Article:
Some scholars say Mary's presence as mother of Jesus is appropriate since this is the time of the birth of the Church. Yeah, maybe. Some persons remind us that the women were present when a successor was chosen for Judas Iscariot, so women helped chose one who would a be a leader of the Church.

But you know what, when I really pay attention to verse 14, I think of my mother, I think of my grandmother, I think of those mothers of the church, I think of those women Sunday School teachers, I think of the pastor's aid societies, I think of the usher boards, I think of chicken dinners, I think of the kitchen getting cleaned, I think of choirs, I think of communion stewardesses, I think of meals after funerals, I think of the first ladies, I think of the church nurseries, I think of the prayer bands, I think of the missionary societies, I think of the children's Easter programs, I think of children's choirs, I think of Church school superintendents, I think of Marian Wright Edelman’s greasy and wrinkled dollar bills. Sometimes the meals, and the dishes, and the children's programs seem like the small stuff. But the small stuff, often are the details that have to be taken care of.

Now I don't mean to suggest that women are the only ones who perform these tasks. And I certainly don’t mean that women ought to be stuck performing only these tasks, but when I hear this part of the verse: "These were constantly devoting themselves to prayer, together with certain women, including Mary the mother of Jesus," when I really pay attention to this, I think of all the work of all those "certain" women whom we honor today. And I'm reminded how easily we can overlook these people and this work, focusing on the eleven who are named ... unless we are re-oriented.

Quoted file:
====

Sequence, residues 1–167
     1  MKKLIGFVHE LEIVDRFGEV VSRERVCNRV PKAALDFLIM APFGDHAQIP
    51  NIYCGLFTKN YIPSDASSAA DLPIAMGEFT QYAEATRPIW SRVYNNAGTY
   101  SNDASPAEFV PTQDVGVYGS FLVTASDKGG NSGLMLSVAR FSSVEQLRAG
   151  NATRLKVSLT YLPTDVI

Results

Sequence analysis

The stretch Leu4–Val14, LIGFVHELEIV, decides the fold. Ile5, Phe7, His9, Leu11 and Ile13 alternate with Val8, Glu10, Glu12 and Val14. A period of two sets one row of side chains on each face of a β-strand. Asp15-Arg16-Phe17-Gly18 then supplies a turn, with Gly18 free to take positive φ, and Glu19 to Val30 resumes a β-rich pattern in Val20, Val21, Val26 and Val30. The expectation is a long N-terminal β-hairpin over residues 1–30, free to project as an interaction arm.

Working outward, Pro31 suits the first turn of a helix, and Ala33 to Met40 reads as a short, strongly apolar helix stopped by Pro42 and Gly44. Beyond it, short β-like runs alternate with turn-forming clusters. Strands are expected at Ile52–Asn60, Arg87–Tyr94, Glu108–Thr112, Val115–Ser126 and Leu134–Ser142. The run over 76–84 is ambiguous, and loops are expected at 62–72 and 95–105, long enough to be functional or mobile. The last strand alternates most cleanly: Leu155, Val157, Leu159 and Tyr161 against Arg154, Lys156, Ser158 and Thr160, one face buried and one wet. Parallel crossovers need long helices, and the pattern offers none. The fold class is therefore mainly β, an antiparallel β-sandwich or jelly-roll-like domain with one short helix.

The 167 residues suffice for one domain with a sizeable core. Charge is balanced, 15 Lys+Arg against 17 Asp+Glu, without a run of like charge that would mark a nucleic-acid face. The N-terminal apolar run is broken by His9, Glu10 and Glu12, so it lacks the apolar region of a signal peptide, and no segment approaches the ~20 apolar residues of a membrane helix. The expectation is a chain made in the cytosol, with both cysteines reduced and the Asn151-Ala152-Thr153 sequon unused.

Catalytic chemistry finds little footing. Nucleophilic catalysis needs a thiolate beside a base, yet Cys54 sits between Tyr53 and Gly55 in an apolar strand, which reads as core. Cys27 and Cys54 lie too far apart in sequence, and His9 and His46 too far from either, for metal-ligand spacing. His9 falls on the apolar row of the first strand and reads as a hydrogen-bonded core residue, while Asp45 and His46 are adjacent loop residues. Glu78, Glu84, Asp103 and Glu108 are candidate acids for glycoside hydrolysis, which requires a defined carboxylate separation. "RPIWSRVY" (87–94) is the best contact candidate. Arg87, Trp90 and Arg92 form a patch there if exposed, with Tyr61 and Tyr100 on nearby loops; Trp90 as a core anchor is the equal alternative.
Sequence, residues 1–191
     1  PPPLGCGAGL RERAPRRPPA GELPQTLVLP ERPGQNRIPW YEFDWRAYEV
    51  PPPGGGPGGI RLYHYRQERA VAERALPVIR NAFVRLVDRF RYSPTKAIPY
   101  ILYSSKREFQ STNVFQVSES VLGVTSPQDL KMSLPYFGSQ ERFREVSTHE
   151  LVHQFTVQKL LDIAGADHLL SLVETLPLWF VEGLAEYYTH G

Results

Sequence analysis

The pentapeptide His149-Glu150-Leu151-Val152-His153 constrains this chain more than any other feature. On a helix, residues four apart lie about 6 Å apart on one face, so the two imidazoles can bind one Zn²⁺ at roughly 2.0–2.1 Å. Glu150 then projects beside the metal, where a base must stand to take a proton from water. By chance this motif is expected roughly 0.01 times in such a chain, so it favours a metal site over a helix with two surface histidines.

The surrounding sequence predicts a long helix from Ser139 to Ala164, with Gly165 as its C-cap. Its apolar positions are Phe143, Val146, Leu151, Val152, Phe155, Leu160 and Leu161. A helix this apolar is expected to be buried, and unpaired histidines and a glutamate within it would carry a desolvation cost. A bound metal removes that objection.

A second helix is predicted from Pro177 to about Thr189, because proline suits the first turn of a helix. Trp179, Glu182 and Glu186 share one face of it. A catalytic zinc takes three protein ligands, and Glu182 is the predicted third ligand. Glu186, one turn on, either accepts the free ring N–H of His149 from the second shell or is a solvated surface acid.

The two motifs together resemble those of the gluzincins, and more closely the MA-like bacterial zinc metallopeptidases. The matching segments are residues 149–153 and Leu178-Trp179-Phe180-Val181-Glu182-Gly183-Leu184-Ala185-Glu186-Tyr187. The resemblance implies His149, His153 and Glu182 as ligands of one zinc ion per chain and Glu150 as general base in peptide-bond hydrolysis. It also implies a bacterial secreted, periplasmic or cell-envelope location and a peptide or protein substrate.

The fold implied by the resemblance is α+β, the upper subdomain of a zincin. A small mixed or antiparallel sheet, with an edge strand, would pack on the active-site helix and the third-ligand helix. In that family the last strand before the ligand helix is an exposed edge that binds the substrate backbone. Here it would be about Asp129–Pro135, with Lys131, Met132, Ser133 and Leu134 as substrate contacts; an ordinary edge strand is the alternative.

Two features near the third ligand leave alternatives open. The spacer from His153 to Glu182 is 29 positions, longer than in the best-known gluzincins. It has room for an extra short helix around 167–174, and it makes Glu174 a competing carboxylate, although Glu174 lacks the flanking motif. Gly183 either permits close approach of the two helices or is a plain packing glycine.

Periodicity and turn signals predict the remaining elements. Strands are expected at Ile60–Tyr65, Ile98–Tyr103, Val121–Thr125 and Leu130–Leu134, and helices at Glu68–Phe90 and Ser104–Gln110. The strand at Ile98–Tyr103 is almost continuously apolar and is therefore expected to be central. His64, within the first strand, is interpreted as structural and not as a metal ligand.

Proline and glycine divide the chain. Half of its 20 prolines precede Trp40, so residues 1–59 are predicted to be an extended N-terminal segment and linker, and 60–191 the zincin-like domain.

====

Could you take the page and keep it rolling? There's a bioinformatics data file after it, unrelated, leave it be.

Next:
God is always calling us to see what God has placed right at our disposal: the power and help of the Holy Spirit, the work of being witnesses everyday, the opportunity to share in taking care of the details, the ones we don’t pay particular attention to.

III. The lessons
If we do not pay attention, if we focus on unimportant things, the work that God has for us to do will go undone. The blessings that God has for us will go unreceived.

Sometimes it’s difficult for us to focus on the task at hand. Sometimes more exciting things capture our attention.

Sometimes it seems that what we are focusing on must be what we should focus on.

But if we allow ourselves to be re-oriented, by God’s Spirit, by God’s word, by God working in the world, we may find grace beyond measure in what is
right before us.

Rosetta E. Ross is an ordained elder in the United Methodist Church and is Chair and Associate Professor of Relgion at Spelman College in Atlanta, George. Ross is the author of the March 2003 featured book, Witnessing & Testifying: Black Women, Religion, and Civil Rights.

This article is used by permission. 2003 All Rights Reserved.